Third-party dispute finance — the new normal

By IMF Bentham|03 May 2018

Promoted by IMF Bentham.

Businesses are under pressure to do more with less and are turning to third-party finance to outsource legal dispute costs and risks. IMF Bentham explains how.

Litigation, Arbitration and alternative dispute resolution are one of the largest categories of legal expense for businesses in Australia and one of the most likely areas of work to be outsourced to external legal advisers1. It is therefore not surprising that businesses are curious about the global trend towards using external finance for commercial legal disputes. Creative leadership teams are exploring new financing models to pursue their legal rights, unlock the monetary value in disputes and de-risk their balance sheets.

Around the world, sophisticated businesses are already reaping the benefits of using third-party finance for disputes. In Singapore, international parties now confidently use third-party finance to pursue their commercial rights through arbitration. In the UK, Europe and the USA, businesses and law firms use third-party funds for individual commercial disputes as well as entire portfolios of claims. A recent study2 indicates 92 per cent of in-house lawyers have either already used third-party dispute finance, or view it as increasingly important in their armoury.

For private practitoners in Australia, it is important to understand this product and service which is changing the market, so you can competently and confidently advise your clients of their options.

For in-house counsel, your executive is looking to you for creative solutions to reduce expenses, and third-party dispute finance is a tool to turn costly legal claims into revenue-generating assets — transforming your legal department from cost to pro_ t centre.

We interviewed Clive Bowman (chief executive Australia/Asia) and Julia Yetsenga (chief financial officer) at IMF Bentham, Australia’s leading third-party dispute financier, to understand how third-party finance works for businesses.

How have businesses previously funded legal disputes?

Commercial disputes can run for years, drawing heavily on a business’s resources. Businesses have traditionally funded legal disputes themselves. Some have even foregone legitimate claims to avoid the expense and risk. Even well-capitalised businesses, with valuable claims can be reluctant to pursue their rights because:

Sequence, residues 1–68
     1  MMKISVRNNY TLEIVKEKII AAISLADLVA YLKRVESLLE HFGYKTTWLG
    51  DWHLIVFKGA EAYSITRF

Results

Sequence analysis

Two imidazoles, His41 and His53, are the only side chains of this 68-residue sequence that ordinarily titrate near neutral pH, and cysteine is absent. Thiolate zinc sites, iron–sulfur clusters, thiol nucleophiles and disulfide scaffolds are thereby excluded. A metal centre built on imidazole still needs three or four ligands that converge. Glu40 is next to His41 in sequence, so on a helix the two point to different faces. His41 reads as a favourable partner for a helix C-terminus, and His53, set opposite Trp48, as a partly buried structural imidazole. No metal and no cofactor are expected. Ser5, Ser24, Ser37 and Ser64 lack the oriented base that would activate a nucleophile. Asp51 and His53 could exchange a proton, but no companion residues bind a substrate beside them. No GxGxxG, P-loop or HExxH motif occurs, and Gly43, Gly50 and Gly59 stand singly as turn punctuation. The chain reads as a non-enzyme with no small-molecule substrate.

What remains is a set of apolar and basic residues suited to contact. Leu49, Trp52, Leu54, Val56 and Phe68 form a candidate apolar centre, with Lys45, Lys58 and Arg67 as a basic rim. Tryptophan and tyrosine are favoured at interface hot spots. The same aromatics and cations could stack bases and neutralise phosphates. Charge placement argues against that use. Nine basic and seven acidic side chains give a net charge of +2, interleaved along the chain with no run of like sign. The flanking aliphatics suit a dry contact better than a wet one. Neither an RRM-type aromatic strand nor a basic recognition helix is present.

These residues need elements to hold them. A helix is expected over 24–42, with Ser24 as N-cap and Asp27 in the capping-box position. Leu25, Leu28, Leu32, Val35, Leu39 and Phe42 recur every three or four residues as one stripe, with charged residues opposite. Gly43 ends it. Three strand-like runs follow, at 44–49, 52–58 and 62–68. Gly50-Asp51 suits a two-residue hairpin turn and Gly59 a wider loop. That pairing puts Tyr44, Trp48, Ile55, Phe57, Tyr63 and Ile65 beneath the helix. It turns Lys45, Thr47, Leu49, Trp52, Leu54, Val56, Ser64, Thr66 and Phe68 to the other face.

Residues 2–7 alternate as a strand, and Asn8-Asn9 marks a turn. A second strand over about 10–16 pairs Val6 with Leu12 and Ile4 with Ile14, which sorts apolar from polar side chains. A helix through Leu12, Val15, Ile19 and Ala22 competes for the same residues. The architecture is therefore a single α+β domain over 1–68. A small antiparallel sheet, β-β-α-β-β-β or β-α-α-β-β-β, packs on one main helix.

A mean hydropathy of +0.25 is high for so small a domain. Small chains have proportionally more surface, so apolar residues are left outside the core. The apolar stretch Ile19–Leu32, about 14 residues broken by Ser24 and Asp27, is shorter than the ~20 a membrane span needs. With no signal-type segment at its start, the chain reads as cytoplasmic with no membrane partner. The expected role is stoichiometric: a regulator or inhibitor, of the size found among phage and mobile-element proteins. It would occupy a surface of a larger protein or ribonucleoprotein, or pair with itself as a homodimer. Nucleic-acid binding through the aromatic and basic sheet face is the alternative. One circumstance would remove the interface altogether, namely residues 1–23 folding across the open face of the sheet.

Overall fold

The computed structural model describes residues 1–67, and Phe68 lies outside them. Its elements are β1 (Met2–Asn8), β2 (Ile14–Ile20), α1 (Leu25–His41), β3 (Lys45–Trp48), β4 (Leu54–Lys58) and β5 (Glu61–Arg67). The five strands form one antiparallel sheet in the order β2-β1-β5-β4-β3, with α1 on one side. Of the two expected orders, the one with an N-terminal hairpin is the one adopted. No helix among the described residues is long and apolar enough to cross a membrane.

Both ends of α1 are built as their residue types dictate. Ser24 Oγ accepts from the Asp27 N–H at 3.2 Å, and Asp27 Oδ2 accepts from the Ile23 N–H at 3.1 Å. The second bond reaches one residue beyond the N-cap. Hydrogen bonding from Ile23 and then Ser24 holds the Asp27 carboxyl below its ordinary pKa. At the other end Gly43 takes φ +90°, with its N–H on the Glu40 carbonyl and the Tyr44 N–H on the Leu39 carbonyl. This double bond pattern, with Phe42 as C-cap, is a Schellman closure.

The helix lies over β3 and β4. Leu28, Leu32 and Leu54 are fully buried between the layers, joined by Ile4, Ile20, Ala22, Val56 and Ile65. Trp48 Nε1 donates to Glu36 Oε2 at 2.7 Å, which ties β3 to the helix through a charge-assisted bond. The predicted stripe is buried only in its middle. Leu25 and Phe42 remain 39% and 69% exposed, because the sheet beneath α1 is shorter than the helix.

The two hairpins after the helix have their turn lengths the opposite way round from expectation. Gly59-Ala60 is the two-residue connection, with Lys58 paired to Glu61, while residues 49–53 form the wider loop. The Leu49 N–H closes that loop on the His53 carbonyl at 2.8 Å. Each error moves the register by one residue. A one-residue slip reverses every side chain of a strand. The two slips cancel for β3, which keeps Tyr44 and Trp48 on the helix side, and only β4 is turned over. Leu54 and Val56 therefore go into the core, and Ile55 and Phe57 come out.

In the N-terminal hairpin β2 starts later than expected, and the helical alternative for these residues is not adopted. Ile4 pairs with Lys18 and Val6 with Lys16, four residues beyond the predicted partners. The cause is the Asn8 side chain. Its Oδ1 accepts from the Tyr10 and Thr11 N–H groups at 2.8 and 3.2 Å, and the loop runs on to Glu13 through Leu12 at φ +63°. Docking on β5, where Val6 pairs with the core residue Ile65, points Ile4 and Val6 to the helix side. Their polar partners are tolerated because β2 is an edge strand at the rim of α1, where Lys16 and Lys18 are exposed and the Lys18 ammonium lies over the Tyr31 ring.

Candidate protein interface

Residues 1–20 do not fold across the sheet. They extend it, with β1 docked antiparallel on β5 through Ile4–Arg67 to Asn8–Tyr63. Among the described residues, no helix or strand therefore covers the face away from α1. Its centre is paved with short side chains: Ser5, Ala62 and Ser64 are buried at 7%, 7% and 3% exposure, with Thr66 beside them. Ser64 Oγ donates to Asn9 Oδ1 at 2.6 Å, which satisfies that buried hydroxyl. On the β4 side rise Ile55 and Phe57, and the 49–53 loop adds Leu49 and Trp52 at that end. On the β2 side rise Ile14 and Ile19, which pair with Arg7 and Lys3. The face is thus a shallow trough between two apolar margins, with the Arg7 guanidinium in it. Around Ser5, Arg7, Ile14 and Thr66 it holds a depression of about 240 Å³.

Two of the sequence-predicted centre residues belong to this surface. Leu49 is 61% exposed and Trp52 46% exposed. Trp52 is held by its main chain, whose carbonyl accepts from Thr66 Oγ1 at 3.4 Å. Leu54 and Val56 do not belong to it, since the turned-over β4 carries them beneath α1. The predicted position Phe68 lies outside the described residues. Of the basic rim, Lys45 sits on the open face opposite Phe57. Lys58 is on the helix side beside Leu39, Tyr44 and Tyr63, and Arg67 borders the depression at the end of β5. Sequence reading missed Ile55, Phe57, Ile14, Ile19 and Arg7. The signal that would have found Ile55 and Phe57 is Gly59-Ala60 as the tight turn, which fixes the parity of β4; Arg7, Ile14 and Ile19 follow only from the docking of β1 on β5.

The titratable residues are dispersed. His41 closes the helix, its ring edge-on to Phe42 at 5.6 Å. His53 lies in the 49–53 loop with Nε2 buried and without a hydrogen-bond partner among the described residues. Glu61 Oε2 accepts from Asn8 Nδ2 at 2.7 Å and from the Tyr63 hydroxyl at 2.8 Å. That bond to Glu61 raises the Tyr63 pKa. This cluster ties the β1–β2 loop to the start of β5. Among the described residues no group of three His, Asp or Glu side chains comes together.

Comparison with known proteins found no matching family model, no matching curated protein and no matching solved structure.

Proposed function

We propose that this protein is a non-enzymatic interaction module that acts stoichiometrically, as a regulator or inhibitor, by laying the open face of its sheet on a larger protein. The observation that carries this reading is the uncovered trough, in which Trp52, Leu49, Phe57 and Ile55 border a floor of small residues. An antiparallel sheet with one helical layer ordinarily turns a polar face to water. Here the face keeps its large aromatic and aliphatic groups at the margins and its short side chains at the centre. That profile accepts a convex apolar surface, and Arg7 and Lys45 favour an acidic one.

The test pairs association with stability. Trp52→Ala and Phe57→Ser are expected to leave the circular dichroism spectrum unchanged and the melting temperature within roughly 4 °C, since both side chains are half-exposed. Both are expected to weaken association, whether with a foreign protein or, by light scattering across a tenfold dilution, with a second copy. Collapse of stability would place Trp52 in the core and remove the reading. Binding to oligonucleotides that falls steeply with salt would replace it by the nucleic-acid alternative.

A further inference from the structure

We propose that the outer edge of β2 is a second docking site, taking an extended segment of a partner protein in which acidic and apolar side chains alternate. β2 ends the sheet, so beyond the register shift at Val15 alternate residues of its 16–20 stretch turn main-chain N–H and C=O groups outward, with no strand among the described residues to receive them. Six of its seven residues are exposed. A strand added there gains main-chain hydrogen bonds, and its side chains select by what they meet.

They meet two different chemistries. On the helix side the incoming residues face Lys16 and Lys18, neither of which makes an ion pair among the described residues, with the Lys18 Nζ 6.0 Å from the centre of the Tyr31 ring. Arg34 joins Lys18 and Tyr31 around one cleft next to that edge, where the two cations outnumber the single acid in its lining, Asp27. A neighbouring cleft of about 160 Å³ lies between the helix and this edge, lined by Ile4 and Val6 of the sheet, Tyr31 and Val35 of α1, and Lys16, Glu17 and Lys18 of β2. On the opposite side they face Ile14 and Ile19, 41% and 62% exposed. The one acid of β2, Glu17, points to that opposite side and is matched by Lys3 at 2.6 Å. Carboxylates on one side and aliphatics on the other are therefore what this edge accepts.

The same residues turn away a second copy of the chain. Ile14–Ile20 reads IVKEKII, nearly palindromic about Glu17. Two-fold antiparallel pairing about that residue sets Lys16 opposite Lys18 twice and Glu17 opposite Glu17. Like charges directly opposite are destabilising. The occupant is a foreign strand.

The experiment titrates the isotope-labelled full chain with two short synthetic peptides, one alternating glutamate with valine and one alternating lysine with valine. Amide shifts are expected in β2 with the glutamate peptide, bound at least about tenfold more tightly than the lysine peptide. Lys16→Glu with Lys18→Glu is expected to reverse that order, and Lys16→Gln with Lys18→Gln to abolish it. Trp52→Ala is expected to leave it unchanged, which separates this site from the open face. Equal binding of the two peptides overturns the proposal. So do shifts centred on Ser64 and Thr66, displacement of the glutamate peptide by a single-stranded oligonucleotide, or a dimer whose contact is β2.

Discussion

• their litigation budgets are typically finite or diminishing and are often reserved for defences, not plaintiff claims
  • external legal costs are recorded as expenses in their financial statements and present a ‘drag’ on profits and share price
  • they sometimes _ nd it hard to properly value their claims, and so elect to preserve capital for strategic projects or business-as-usual

Why would a business use third-party dispute finance?

Third-party dispute finance helps solve the above issues. Instead of businesses using their own money to pursue claims, they are now outsourcing their legal costs and risks to third-party financiers like IMF Bentham. Partnering with IMF Bentham, allows businesses to:

  • pursue legal claims and, at the same time, assign capital to other priorities
  • leverage legal claims as ‘assets’ and unlock potential revenue in claims
  • finance disputes without impacting the bottom line, effectively taking dispute-related expenses ‘off-balance sheet’
  • avoid the need to provide security for costs
  • transfer the risk and expense of Adverse Costs orders to IMF Bentham
  • level the playing field
  • retain their preferred, leading, legal representation

What does it mean to take legal expenses ‘off-balance sheet’?

When a business funds its own disputes, external legal costs are recorded as expenses of the business, directly impacting profit. Whereas, when IMF Bentham is engaged, we pay the legal costs directly and they do not affect the business’s profit margin.

How do disputes become revenue-producing ‘assets’?

IMF Bentham covers the costs of running the dispute, along with downside risks such as adverse costs orders. Our finance is ‘non-recourse’ which means we are only paid if the claim is successful. If the claim is unsuccessful, the business pays nothing. With costs and risks outsourced to IMF Bentham, businesses can regard their disputes as ‘assets’ which will produce revenue upon a successful resolution.

What types of claims are suited to third-party finance?

Third-party finance can be used to cover legal costs for:

  • Single commercial claims - financing can cover all costs, including briefing law firms, barristers, expert witnesses etc
  • Disbursements or part of the costs
  • Operational costs - in addition to financing claim(s), IMF Bentham can finance the operational costs of a business, pending resolution of dispute(s)
  • Seed financing - up-front finance to explore whether a claim is worth pursuing
  • Adverse costs and security for costs orders - protecting the business from the ‘down-side’ risks of litigation

Is finance available for entire portfolios?

Absolutely. Many businesses have more than one potentially valuable claim. IMF

Bentham can bundle contingency claims into a financed portfolio (e.g. claims across business units or over a period of time). Portfolios of cross-collateralised disputes can also attract more favourable pricing.

Where can I find out more about third-party financing?

We are available to discuss your needs and answer your questions:

Contact: Clive Bowman, chief executive

Australia/Asia, This email address is being protected from spambots. You need JavaScript enabled to view it.,

02 8223 3567

Third-party dispute finance — the new normal
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